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I encountered a question to which I didn't know the solution for.

Suppose I have this HTML markup (dynamically generated by the server or simply a static file):

<ul class="myList">
<li><a href="page1.html">Page 1</a></li>
<li><a href="page2.html">Page 2</a></li>
<li><a href="page3.html">Page 3</a></li>
<li><a href="page4.html">Page 4</a></li>
<li><a href="page5.html">Page 5</a></li>
<li><a href="page6.html">Page 6</a></li>
<!-- ... -->
<li><a href="page1000.html">Page 1000</a></li>
</ul>

I want to bind a click event handler to the <a> tag. Normally, I would write out

$('.myList').find('a').click(function() {});  /* Or something similar */

which would perform implicit iteration on all the anchor tags to bind a click event to each of them. However, I was told that this is an expensive operation.

I was asked if there was some way to attach only one event listener (on the ul tag) and use event bubbling to figure out which anchor tag was clicked. I have never encountered something like this, so I didn't know the answer. Apparently, there is an answer. Does anybody know how to place a single event listener on an element and have it figure out which child element was clicked? (I still need to use event.preventDefault() to prevent the default click event.)

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up vote 12 down vote accepted

Check out delegate() — it's exactly what you're asking for.

$('ul.mylist').delegate('a', 'click', function() {
  // ... your code ...
});

You get all the benefits of a jQuery handler, without having to do the binding to all those elements.

share|improve this answer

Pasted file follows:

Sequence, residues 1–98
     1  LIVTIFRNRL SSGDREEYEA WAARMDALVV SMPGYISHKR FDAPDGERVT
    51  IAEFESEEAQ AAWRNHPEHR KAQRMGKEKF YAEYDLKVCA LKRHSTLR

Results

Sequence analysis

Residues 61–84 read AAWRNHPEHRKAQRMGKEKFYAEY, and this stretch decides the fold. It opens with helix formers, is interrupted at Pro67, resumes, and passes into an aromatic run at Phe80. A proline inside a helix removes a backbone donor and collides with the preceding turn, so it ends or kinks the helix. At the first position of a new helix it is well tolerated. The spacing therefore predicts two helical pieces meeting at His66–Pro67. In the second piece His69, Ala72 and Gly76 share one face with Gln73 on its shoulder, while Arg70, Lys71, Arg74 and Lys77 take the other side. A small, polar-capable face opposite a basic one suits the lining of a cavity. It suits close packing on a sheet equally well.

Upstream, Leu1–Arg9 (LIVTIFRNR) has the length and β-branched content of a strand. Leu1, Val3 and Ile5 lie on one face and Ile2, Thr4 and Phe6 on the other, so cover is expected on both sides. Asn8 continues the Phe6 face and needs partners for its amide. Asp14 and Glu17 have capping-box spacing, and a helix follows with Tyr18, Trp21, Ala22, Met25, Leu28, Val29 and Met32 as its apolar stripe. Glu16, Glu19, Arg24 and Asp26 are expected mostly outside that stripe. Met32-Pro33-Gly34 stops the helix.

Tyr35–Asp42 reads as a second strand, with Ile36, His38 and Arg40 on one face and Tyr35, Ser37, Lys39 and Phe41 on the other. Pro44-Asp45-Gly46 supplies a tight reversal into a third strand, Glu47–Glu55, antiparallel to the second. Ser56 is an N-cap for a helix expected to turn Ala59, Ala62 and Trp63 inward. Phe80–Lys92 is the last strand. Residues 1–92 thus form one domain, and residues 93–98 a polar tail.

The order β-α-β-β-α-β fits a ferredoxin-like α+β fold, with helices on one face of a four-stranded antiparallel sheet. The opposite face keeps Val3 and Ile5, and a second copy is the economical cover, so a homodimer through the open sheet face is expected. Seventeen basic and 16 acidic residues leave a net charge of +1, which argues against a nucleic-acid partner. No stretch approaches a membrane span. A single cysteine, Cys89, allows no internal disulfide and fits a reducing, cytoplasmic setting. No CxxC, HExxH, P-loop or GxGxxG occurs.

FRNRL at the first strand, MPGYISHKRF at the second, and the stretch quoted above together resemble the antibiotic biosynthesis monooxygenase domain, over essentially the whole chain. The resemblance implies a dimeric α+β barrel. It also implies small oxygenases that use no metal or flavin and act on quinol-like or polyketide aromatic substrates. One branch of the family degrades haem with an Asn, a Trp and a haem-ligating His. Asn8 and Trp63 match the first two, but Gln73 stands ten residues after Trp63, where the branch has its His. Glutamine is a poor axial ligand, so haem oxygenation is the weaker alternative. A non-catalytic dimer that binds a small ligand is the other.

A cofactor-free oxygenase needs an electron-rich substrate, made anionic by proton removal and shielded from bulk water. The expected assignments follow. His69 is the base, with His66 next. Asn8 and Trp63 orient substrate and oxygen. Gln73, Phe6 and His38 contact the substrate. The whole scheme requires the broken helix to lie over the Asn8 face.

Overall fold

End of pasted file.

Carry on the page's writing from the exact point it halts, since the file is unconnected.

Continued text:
+1 I forgot about delegate(). – alex Jun 2 '11 at 0:50
    
Thanks, Pointy! – Stephen Jun 2 '11 at 0:57

You can access event.target, which will be the element that started the event.

$('.myList').click(function(event) {
   var target = $(event.target);
});

jsFiddle.

However, Pointy's answer seems to be easier to use.

share|improve this answer
    
Also, useful to know, but I agree with you that .delegate() is easier to use. – Stephen Jun 2 '11 at 1:01

If you are using a version of jQuery >= 1.7 the .on() method supplants .delegate(). In both jQuery 2.x and 1.11 .delegate() simply calls .on():

delegate: function( selector, types, data, fn ) {
        return this.on( types, selector, data, fn );
}

To use it in this case:

$(".myList li a").on("click", function(e) {
  //Code here, and you can use e.preventDefault(); to avoid the default event.
});
share|improve this answer

The function you attach will have an event parameter that contains the object which is clicked in event.target.

 $(.....).click(function(event){  ....  });

Another solution, more complex, but more flexible too, although you won't need it in this situation, is to use the .bind method and specify a data object

$(.....).bind('click', {whateverproperty: whatevervalue}, function(event){ ... });

In that case, you can reach event.data.whateverproperty, thus retrieving the value whatevervalue, allowing you to make more complex decisions.

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